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American Sociological Association: About Stanford University
Postdoctoral Fellowship Program
at Stanford University
The Department of Sociology at Stanford University is ranked as one of the country's top departments in both economic sociology and inequality and includes such leading faculty as Karen Cook, Shelley Correll, Paula England, Mark Granovetter, David Grusky, Sean Reardon, Cecilia Ridgeway, Michael Rosenfeld, Matthew Snipp, Jesper Sørensen, Nancy Tuma, Andy Walder, and Xueguang Zhou, all of whom have agreed to participate in this training program.
These faculty members have research programs that connect directly to the initiative's focus on the causes, consequences, and policy responses to the Great Recession. For example, Karen Cook is a leading expert on the conditions under which trust in economic institutions can dissipate; Mark Granovetter has shown how economic behavior is a function of the networks in which it's embedded (and can accordingly generate tipping points, irrational exuberance, and market crashes); Paula England has developed powerful sociological models of how market pricing is a function of stereotypes, tastes, and other extra-rational forces; David Grusky has examined the role of market failure and rent in generating the recent runup in inequality as well as the emerging post-recession compression; and Jesper Sørensen is examining the conditions under which workers may respond to economic hardship by resorting to self-empowerment. These projects, and many others, will provide opportunities for Stanford Postdoctoral Fellows to build general models of economic behavior, apply them to the recession, and thereby better understand its causes and consequences.
There will likewise be many opportunities at Stanford University for interdisciplinary research on the recession. The Center for the Study of Poverty and Inequality (CPI) connects Stanford's sociology faculty with other social science scholars studying poverty, inequality, and the economy. Located within the Institute for Research in the Social Sciences (IRiSS), the Center has over 125 Stanford University faculty affiliates, approximately 400 national and international fellows, and a vibrant program of visiting postdoctoral scholars.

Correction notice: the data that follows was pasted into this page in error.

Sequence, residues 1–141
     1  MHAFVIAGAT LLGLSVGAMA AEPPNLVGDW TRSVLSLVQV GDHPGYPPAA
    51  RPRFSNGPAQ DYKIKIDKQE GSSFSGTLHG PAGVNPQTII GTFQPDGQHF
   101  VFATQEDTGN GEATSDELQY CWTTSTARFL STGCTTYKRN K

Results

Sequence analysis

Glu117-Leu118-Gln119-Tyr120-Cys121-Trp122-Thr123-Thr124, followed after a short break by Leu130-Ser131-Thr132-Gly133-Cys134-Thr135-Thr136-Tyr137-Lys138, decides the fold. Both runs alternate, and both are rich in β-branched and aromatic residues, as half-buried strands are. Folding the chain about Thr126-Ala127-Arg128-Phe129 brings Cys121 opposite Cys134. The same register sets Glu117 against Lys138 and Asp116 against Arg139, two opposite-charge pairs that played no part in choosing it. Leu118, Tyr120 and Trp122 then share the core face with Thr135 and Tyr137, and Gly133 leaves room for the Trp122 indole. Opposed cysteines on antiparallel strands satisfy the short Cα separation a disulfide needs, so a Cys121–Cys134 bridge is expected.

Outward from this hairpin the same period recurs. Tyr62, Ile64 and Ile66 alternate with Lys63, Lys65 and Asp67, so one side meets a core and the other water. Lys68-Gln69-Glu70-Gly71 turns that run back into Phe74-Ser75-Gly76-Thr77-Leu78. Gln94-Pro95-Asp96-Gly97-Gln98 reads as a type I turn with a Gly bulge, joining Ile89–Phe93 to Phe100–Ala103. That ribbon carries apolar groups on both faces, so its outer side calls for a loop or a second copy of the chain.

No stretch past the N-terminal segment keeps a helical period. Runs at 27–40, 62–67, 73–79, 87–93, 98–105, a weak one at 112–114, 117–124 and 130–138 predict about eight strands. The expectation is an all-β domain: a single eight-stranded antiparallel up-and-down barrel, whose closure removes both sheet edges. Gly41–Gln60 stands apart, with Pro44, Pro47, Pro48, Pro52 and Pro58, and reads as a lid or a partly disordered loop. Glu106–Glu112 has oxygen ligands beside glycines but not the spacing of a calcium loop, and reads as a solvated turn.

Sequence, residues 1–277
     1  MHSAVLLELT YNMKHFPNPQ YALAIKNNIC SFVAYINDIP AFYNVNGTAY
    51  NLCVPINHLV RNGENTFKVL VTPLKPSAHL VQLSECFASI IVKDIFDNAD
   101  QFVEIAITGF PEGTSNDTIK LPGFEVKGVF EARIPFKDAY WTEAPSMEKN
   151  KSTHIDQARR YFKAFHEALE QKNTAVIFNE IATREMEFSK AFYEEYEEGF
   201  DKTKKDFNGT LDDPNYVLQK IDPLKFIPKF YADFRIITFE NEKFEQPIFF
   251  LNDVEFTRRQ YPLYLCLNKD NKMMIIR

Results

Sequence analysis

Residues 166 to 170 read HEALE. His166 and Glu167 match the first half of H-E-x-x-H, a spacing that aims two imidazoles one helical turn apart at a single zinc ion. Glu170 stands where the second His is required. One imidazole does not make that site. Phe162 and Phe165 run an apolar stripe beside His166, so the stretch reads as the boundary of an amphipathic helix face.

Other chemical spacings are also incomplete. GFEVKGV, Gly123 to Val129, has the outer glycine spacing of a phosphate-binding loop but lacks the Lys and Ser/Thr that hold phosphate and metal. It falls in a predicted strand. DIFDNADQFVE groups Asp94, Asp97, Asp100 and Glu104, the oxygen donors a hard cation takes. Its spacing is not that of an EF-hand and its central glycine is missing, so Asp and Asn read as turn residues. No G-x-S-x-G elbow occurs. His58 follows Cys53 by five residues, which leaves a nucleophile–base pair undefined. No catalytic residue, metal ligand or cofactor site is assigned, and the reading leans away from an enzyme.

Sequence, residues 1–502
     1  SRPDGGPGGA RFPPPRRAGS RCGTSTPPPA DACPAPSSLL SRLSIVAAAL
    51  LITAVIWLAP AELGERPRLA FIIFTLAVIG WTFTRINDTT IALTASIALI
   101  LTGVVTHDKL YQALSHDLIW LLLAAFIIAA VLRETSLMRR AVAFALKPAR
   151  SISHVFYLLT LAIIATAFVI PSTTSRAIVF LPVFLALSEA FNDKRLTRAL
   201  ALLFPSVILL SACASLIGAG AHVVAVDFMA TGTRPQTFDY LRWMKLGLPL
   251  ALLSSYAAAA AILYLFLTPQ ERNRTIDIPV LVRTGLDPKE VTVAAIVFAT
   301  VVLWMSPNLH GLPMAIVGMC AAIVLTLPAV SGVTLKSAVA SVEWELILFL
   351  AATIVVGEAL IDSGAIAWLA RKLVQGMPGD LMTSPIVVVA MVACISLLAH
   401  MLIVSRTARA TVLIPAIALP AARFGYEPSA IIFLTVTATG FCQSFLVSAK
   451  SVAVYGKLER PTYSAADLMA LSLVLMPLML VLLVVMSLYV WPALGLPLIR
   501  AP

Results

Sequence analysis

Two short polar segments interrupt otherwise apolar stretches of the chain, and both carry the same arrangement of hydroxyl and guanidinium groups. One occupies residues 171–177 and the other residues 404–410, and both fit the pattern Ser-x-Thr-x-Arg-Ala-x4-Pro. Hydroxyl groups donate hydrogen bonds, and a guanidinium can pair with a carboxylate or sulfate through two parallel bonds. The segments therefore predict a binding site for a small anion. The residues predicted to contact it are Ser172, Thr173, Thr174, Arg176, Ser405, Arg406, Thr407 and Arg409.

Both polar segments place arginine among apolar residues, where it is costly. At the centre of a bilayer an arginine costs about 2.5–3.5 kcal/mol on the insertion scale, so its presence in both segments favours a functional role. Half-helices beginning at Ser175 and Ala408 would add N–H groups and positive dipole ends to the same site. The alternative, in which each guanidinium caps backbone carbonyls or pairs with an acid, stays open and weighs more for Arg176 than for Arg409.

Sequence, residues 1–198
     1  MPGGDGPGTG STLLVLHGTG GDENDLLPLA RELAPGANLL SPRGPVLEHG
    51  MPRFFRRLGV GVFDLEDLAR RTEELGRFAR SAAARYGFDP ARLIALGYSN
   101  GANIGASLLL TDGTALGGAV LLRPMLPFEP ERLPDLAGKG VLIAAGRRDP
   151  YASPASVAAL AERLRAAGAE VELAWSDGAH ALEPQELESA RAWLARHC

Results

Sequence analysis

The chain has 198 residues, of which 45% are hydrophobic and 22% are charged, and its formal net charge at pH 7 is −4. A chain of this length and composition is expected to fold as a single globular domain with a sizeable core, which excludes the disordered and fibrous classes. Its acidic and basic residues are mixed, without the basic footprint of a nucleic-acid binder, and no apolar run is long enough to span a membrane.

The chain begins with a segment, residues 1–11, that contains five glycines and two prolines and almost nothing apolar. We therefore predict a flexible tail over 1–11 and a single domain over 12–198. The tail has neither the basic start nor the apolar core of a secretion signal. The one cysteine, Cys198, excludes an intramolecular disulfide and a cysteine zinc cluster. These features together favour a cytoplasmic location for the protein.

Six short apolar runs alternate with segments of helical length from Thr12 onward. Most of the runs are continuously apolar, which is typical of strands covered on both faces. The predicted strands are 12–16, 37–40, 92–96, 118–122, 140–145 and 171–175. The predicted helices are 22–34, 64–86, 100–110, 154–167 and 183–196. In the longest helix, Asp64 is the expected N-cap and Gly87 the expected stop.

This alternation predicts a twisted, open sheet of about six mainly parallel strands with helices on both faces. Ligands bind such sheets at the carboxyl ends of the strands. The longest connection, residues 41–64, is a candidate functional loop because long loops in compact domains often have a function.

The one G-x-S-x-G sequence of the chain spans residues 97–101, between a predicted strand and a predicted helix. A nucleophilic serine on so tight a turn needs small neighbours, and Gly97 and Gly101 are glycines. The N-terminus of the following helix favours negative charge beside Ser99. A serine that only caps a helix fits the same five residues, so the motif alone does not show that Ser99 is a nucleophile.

There are two CPI projects underway that bear directly on the recession and its sources and impacts. The Collaboration for Poverty Research (CPR), which brings together top faculty from several institutions, is currently examining how different population groups are coping with the recession and its fallout. The CPR is also the home of the Stanford Poverty Count, a new measure of domestic poverty that will be used to track the effects of the recession and of proposed post-recession reforms in health care, housing policy child care, and related programs. The Postdoctoral Fellows brought to Stanford University will be invited to join either of these research teams exploring the changing structure of poverty and inequality as the Great Recession intensifies (and ultimately recedes), among other opportunities available to them at Stanford.
For the new NSF Postdoctoral Fellow coming to Stanford University, a mix of recession-relevant research opportunities will thus be available, some involving individual independent research (under the guidance of faculty), and others involving larger interdisciplinary team projects. The Stanford Fellow will be free to choose from among this mix of opportunities that work best for them.
For more information about the Department of Sociology at Stanford University, visit: www.stanford.edu/dept/soc/.
Postmark Deadline: December 21, 2011